President Bush signed into law Tuesday legislation extending a trade pact offering duty-free treatment on some goods and other trade benefits to the poorer countries of sub-Saharan Africa.

"By reducing barriers to trade, this law has increased export, created jobs and expanded opportunity for Africans and Americans alike," Bush said of African Growth and Opportunity Act (search), extended under the bill by seven years to 2015.

During the 15-minute signing ceremony in the Executive Office Building, Bush also called for an end to the conflict in the Darfur (search) region in Sudan (search) "for the sake of peace and basic humanity."

In Darfur, the largely Arab Janjaweed militia has attacked the region's mostly black farmers. Up to 30,000 people have been killed and 2 million are said to be desperately short of food and medicine, including 1 million who have been displaced or become refugees.

"For the sake of peace and basic humanity ... I call upon the government of Sudan to stop the Janjaweed violence," Bush said. "I call on all parties of the conflict to respect the cease-fire, to respect human rights, and to allow for the free movement of humanitarian workers and aid."

The president said the African trade measure "has given American businesses greater confidence to invest in Africa, and encouraged African nations to reform their economies and governments to take advantage of the opportunities."

According to the office of the U.S. Trade Representative, imports under the African Growth and Opportunity Act reached $14 billion in 2003, up 55 percent from the previous year. U.S. direct investment in sub-Saharan Africa was up 12 percent at the end of 2002 to $8.9 billion.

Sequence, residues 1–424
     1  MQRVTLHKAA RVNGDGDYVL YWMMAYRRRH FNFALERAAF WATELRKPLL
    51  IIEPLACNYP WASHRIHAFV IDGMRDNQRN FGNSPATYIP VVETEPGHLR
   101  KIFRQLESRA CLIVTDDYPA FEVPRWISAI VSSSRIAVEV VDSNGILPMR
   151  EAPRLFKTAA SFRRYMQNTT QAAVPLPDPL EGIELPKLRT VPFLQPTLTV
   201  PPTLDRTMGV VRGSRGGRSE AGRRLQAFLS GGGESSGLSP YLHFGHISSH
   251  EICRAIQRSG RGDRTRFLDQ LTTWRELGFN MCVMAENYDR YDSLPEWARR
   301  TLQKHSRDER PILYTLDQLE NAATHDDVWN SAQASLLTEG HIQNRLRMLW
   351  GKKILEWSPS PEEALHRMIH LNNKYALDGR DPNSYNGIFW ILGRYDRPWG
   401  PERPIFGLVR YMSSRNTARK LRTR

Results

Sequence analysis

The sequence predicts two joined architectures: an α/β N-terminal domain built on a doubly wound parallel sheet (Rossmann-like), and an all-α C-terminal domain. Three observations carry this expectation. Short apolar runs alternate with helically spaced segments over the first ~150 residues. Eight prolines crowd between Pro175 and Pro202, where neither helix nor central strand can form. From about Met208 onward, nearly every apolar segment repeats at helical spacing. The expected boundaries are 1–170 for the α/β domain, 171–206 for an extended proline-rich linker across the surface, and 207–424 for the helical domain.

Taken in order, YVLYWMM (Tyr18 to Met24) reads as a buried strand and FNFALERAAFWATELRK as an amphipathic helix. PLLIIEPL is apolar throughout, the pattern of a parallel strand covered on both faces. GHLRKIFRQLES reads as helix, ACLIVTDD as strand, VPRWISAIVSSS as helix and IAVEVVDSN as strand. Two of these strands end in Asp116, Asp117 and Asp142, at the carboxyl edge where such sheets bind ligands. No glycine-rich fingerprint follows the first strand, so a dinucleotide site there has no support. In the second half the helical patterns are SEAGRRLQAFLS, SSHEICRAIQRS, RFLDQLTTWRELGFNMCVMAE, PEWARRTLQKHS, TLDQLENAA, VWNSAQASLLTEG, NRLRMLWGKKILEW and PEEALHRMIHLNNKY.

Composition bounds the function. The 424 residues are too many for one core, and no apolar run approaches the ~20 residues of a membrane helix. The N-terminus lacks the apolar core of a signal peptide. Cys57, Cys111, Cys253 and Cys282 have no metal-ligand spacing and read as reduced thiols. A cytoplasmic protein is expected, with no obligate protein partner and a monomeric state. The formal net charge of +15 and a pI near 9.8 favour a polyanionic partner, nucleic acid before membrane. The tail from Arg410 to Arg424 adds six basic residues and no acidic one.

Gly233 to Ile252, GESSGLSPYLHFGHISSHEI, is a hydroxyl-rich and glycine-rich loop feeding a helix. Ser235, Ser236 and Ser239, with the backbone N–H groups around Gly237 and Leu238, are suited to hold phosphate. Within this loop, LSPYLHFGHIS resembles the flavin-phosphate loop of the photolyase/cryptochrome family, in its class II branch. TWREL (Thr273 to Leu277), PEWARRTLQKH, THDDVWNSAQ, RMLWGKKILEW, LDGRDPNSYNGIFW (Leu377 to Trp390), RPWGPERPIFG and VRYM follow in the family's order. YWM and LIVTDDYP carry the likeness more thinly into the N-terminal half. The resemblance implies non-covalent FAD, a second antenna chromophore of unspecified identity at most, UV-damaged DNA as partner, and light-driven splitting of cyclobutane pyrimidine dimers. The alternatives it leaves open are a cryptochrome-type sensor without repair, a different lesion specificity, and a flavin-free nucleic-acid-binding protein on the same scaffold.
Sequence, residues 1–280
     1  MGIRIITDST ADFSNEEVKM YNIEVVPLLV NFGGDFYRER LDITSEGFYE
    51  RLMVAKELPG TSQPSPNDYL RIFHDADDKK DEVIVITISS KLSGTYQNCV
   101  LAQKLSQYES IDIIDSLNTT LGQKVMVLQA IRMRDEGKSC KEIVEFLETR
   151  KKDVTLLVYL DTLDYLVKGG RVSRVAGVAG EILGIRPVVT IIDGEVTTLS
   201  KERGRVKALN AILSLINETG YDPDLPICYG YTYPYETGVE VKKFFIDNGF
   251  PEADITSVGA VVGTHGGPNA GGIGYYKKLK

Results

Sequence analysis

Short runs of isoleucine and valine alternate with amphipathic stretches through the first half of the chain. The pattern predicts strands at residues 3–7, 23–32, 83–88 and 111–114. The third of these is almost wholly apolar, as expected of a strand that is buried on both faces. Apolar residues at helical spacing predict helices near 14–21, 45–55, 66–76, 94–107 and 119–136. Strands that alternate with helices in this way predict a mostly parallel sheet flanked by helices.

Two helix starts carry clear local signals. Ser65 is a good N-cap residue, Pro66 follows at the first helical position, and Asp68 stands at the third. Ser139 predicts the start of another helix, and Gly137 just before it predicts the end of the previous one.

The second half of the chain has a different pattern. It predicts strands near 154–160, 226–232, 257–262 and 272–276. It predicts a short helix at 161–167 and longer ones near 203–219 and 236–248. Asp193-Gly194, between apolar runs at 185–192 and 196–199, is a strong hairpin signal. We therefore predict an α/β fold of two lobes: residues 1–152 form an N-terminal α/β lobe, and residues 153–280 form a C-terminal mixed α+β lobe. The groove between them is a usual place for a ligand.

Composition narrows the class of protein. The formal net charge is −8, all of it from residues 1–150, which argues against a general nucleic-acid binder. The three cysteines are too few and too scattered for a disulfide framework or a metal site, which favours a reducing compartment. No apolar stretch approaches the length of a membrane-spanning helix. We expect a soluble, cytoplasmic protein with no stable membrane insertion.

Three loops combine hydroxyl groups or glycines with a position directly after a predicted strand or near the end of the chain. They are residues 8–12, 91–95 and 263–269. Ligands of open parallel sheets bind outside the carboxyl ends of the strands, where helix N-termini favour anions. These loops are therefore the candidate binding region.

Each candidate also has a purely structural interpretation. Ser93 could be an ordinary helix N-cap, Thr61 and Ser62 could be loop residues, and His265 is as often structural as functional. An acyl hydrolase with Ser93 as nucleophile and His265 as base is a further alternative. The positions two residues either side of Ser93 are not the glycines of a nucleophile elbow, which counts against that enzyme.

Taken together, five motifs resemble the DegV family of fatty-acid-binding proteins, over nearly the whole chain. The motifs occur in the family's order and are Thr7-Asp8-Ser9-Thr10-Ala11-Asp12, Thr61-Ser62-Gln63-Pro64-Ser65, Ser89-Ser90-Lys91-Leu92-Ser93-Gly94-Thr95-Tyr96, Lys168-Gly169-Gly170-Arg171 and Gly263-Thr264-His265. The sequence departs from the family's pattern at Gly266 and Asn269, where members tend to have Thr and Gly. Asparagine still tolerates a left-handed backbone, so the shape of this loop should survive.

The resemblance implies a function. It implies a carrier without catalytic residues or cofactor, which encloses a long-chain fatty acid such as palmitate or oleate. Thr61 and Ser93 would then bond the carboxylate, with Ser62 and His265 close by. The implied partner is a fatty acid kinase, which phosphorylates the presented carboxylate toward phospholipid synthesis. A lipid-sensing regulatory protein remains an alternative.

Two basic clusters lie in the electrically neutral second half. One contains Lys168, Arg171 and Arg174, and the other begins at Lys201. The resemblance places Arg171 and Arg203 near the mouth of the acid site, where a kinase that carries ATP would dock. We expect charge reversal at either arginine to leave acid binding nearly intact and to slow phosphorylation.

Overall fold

Thirty-seven of the 48 countries of sub-Saharan Africa qualify under the act. Last December, President Bush added Angola while removing two countries — the Central African Republic and Eritrea — for failing to meet eligibility criteria.

The legislation also grants a three-year extension to a provision of the 2000 act, set to expire Sept. 30, that allows African participants to sell duty-free to the United States textiles made from yarn and fabrics coming from third countries.

"The enactment of this law will help ensure that this mutually beneficial trade continues," Bush said. "Trade and investment from around the world is essential to world peace."

The signing was witnessed by ambassadors from African nations, members of Congress who worked on the legislation and others involved in U.S. policy on Africa.

"The Africa trade bill means less poverty in Africa, and it also creates jobs in America," said the Rev. David Beckmann, president of Bread for the World. But he added that Congress and the president still need to honor promises America has made to increase health and development assistance to Africa.